Hall of Fame Pitcher Early Wynn Dies at 79

<i> From Associated Press</i>

Early Wynn, who won the Cy Young Award at age 39 and earned his 300th and last victory four years later, died Sunday night. He was 79.

The Hall of Famer’s health had deteriorated in recent months and he died in Florida from complications related to a stroke, his business manager, Dave Baudouin, said Monday.

Wynn spent his final days at Manor Care Health Services in Venice, Fla., said Eric Swope, funeral director at Ewing Funeral Home in Venice.

Born Jan. 6, 1920, Wynn pitched in the major leagues from 1939 to 1963 with Washington, Cleveland and the Chicago White Sox. Wynn, who won 164 games with Cleveland, was known as one of the fiercest competitors of his time.


Asked once if he would throw at his grandmother, Wynn quipped: “Only if she was digging in.”

But Wynn’s toughness had a serious side. In 1949, when he was playing with Cleveland, a Detroit pitcher twice knocked down Indian outfielder Larry Doby, the first African American player in the American League. Wynn knocked down the pitcher on four consecutive pitches when he came to bat.

“Doby is on my team,” Wynn said. “If they hurt him, they hurt me. I’ve got to teach them manners.”

Wynn was a 20-game winner four times for Cleveland and once for the White Sox in the 1950s.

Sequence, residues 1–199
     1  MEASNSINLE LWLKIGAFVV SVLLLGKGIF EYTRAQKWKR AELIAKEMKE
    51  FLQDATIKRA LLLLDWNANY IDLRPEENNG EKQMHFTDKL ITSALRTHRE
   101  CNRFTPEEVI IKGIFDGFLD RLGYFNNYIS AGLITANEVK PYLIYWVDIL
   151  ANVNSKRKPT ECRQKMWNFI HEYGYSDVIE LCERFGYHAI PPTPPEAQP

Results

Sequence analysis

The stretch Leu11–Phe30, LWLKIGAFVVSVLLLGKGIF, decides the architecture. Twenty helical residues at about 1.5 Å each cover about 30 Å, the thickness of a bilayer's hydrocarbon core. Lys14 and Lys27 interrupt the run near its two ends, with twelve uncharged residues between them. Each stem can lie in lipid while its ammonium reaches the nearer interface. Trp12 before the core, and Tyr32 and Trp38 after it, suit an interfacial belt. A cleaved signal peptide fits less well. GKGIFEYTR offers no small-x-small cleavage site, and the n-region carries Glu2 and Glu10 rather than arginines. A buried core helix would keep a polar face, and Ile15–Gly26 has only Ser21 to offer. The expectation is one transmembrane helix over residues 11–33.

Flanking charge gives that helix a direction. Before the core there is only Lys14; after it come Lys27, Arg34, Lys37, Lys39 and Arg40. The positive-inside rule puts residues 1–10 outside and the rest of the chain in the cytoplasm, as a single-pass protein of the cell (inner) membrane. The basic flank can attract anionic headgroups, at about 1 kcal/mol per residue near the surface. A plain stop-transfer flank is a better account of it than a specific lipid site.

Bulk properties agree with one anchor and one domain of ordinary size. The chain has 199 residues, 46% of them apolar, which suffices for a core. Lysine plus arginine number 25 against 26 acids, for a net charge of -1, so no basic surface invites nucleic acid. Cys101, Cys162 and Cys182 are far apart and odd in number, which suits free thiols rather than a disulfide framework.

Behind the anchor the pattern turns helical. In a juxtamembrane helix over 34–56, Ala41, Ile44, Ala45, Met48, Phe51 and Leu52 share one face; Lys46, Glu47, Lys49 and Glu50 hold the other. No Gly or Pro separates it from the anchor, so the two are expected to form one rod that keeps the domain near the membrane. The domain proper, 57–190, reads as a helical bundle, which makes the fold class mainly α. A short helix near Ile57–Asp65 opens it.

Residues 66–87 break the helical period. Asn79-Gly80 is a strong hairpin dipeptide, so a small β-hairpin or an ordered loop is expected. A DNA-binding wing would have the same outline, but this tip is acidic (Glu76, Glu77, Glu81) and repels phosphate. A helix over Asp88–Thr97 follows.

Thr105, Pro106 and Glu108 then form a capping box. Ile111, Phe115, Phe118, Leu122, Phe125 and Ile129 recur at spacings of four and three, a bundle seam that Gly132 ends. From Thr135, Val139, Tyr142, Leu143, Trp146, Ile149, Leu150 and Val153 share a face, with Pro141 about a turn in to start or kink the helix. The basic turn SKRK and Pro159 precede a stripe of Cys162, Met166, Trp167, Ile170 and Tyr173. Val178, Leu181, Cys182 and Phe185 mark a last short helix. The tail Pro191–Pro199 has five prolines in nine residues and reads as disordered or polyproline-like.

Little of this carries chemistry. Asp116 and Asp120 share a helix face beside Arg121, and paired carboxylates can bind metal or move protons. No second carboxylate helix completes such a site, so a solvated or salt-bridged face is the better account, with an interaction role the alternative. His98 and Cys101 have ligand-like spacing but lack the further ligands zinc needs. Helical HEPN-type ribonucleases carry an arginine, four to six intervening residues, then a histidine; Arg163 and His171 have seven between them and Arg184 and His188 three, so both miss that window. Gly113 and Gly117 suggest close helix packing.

He was 23-11 in 1954, when the Indians won the American League pennant with 111 wins in a 154-game season. In 1959, he won the Cy Young Award for the White Sox with a 22-10 record.

Fellow Hall of Famer and Cleveland teammate Bob Feller remembered Wynn as a great player to have in the clubhouse and on the field.

“Early was afraid of no one,” he said. “We’ll miss him. We worked together, traveled together and socialized together.”

Wynn was also a good hitter, with 17 home runs. He was used as a pinch hitter on several occasions.


In 1963, at age 43, he returned to the Indians needing one more win for 300. He reached the milestone on July 13, 1963, pitching the first five innings of Cleveland’s 5-4 victory in Kansas City. His career record was 300-244.

After he retired, Wynn was a pitching coach for the Indians and Minnesota Twins. He also campaigned for increasing retired ballplayers’ pensions. He was inducted into the Hall of Fame in 1972.

Wynn’s wife of 50 years, Lorraine, died in 1994. Wynn is survived by a daughter and son, a half-sister and three grandchildren.



The 300 Club

Pitchers with 300 or more victories:


1. Cy Young: 511-316


2. Walter Johnson: 417-279

3. Grover Alexander: 373-208

3. Christy Mathewson: 373-188

5. Warren Spahn: 363-245


6. Kid Nichols: 361-208

7. Pud Galvin: 360-308

8. Tim Keefe: 342-225

9. Steve Carlton: 329-244


10. John Clarkson: 328-178

11. Eddie Plank: 326-194

12. Nolan Ryan: 324-292

12. Don Sutton: 324-256


14. Phil Niekro: 318-274

15. Gaylord Perry: 314-265

16. Tom Seaver: 311-205

17. Charles Radbourn: 309-195


18. Mickey Welch: 307-210

19. Lefty Grove: 300-141

19. Early Wynn: 300-244